The series of photomontages on canvas made by Eulàlia Grau in the early 1970s, a transgressive response of a young Spanish feminist artist to the authoritarian Franco society that conditions thoughts and bodies.
"The title Etnografia refers to a field study of the lifestyles, customs and culture of a given society. Over a period of two years, between 1972 and 1974, Eulàlia Grau sought to examine Spanish society from a particular point of view: that of a young Catalan woman deprived of her fundamental rights, as a feminist, as a Marxist. [...]. It is important to note that Eulàlia Grau explores the roles assigned to both women and men, the latter assumed to be athletes, bodybuilders, car buffs, businessmen, soldiers, dictators and gangsters. [...] The artworks thus engage with awareness, with total revolution, with a deconstruction of systemic domination in Spain and everywhere else. The artistic context of the 1960s and 1970s, largely influenced by Pop Art and geopolitical and societal upheavals, has led art historians to categorise Eulàlia Grau within Pop Art. Yet she recognises and identifies more with the Dadaist legacy, which participated in an artistic and political questioning of the systems of domination that operate in all societies. [...] Her works are part of an international artistic movement governed by an urgency of protest, disobedience and radical opposition."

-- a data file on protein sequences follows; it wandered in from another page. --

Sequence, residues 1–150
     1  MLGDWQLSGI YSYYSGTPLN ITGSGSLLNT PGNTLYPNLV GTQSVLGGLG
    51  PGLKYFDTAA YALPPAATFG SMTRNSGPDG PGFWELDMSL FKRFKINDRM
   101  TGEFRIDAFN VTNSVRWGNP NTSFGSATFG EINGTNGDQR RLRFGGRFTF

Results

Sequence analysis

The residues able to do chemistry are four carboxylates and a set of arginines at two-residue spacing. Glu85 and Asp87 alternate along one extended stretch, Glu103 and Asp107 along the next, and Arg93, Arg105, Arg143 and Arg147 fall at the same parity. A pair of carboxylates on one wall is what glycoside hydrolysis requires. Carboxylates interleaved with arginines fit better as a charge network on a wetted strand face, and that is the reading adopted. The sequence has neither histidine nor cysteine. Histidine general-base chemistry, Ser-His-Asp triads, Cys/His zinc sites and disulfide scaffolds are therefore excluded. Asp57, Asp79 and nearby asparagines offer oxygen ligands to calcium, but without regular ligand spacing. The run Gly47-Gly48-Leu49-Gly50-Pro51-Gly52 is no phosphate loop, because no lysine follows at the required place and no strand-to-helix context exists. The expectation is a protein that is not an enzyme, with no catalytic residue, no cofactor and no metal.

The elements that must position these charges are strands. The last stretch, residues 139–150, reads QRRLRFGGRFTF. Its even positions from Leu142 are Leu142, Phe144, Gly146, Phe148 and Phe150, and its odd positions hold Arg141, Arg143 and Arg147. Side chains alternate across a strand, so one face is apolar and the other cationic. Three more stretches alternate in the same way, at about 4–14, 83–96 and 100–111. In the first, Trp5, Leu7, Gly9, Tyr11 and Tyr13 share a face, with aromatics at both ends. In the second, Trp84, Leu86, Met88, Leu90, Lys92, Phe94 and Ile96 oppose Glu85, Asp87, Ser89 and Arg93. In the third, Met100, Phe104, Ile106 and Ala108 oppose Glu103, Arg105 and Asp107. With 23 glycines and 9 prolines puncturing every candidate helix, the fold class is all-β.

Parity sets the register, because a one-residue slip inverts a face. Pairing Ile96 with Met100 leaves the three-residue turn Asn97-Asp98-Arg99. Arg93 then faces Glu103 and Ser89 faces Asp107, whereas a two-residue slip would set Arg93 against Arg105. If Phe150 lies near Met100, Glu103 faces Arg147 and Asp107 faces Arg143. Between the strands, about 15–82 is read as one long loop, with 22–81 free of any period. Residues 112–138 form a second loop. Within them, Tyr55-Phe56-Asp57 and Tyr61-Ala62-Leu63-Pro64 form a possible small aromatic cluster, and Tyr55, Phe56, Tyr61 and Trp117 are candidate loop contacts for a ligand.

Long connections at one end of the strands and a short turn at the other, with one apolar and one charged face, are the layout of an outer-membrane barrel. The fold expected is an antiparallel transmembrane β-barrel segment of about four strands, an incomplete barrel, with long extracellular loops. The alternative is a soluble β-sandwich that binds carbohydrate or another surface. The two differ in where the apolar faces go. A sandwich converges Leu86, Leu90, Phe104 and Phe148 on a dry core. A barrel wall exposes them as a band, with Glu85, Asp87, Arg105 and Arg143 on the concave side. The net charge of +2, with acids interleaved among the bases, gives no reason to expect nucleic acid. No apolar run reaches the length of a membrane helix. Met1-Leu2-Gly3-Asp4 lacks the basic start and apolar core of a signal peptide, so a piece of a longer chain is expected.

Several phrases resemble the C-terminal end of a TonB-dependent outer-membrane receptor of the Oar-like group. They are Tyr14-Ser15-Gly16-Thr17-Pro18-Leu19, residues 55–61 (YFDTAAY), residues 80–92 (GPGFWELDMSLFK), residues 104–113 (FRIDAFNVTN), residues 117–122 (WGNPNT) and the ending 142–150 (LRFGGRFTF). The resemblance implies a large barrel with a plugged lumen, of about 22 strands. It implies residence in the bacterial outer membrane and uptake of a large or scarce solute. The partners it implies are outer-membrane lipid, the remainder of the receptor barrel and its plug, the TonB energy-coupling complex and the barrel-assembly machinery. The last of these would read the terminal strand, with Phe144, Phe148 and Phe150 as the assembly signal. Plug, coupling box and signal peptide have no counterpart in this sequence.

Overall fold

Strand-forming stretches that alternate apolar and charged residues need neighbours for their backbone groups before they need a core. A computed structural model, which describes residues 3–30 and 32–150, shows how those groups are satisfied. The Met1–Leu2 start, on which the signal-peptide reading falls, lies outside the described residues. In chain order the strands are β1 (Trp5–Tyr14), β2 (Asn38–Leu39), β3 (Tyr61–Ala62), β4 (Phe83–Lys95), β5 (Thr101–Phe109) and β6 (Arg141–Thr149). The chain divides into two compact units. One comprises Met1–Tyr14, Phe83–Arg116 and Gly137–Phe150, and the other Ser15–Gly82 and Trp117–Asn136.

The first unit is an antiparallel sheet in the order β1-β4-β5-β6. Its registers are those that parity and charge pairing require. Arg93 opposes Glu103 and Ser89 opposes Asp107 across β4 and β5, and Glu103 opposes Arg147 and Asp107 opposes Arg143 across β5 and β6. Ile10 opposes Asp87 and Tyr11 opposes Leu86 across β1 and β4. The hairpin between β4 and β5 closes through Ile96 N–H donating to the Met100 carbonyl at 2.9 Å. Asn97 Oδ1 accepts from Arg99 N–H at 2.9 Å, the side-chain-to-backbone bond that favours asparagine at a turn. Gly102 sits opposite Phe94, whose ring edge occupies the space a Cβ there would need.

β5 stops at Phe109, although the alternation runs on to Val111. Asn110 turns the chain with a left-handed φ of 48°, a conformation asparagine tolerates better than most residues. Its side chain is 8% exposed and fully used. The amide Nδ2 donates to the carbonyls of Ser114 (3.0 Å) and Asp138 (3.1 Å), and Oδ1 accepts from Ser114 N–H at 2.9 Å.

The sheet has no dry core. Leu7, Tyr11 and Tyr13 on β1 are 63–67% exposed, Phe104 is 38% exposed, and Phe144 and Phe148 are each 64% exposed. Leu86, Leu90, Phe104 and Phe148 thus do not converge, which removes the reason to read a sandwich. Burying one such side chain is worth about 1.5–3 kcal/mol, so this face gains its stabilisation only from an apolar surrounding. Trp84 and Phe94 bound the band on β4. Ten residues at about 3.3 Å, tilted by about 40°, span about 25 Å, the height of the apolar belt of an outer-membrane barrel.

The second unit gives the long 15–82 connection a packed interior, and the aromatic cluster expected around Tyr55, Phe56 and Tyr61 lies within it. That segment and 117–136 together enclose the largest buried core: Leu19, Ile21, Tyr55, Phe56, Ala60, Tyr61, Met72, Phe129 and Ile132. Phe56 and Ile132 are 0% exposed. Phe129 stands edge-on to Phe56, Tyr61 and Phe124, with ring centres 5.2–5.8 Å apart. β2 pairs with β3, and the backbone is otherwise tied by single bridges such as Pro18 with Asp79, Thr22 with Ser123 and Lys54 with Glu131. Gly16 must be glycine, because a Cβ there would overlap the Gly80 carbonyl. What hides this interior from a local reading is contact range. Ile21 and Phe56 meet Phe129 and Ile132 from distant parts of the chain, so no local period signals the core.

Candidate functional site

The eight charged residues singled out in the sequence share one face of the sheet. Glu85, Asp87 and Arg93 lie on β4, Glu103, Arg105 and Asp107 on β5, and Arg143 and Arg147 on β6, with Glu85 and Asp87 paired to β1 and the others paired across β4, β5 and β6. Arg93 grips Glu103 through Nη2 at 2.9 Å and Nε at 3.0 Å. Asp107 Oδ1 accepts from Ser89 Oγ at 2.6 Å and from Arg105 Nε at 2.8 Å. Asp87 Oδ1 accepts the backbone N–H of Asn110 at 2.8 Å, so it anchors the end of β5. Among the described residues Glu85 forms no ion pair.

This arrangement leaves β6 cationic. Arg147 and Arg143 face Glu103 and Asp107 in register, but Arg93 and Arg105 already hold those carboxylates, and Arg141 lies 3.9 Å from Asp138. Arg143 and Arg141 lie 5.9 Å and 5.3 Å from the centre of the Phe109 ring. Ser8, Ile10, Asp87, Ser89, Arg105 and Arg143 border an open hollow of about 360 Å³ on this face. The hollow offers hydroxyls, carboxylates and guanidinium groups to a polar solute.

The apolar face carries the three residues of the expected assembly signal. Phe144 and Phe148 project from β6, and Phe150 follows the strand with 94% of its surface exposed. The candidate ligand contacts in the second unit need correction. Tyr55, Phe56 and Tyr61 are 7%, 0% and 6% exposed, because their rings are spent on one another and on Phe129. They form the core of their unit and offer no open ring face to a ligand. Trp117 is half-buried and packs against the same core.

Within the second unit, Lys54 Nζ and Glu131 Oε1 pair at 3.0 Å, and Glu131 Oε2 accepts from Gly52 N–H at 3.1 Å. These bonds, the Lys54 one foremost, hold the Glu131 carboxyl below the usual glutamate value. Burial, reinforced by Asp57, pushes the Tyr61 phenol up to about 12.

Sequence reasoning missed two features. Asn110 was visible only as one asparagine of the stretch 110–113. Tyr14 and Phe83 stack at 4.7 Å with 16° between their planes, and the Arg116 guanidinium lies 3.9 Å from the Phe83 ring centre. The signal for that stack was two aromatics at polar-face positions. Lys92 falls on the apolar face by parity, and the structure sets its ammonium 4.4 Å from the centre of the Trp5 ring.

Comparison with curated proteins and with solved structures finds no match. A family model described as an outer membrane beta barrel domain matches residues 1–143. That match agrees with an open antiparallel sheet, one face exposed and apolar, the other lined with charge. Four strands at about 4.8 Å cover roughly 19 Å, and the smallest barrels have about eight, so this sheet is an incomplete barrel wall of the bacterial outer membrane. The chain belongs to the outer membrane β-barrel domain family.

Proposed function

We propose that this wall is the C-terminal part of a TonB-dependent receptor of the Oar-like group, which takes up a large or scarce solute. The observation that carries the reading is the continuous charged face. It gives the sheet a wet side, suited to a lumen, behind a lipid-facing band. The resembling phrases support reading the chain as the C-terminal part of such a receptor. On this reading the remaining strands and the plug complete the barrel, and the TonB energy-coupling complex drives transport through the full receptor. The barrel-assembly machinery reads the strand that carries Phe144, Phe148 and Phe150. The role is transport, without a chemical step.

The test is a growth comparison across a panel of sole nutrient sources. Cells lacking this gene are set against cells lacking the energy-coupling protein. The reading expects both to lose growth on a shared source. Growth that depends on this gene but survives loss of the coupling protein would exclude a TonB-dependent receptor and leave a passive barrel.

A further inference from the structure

Published on the occasion of the eponymous exhibition at Georges-Philippe & Nathalie Vallois gallery, Paris, in 2022.
Eulàlia Grau (born 1946 in Terrassa, Catalonia), also known simply as Eulàlia, is a pioneer artist of the feminist art scene in Spain and more widely in Europe, known for her work denouncing social and gender stereotypes, especially in Catalonia during the Franco dictatorship.
Eulàlia began to study Fine Art in Barcelona but abandoned it in favour of cinema studies at the Sala Aixelà under teachers such as Pere Portabella and Alexandre Cirici, and at the Eina School where she met Albert Ràfols-Casamada and Josep Maria Carandell. In Milan she worked at the design studio Olivetti. Most of her work was done during the seventies and early eighties. After a short stay in Germany in the mid-eighties, she moved to Japan and China where she would remain until the late nineties, when she moved back to Barcelona and resumed her artistic career. In 2013, MACBA presented an exhibition focused on her most critical works.
In her work, Eulàlia uses photographs from the media, which she re-contextualises by establishing a dialogue between them, bringing out some very critical social messages. Besides emulsified canvases and silk-screens, she also produces posters and insertions in books and magazines. In an attempt to escape the usual artistic media channels, Eulàlia constructs her work as an uncomfortable testimony of the society of her time. Her work documents the weaknesses, contradictions and perversities of the capitalist system, not only in the most obvious mechanisms of perpetuation such as the police, the army and the prisons, but also in more subtle institutions such as the family, schools and the media. One of her subjects of interest is gender critique. Through it she denounces the abusive and unequal situation of women and questions female stereotypes in the public and private spheres.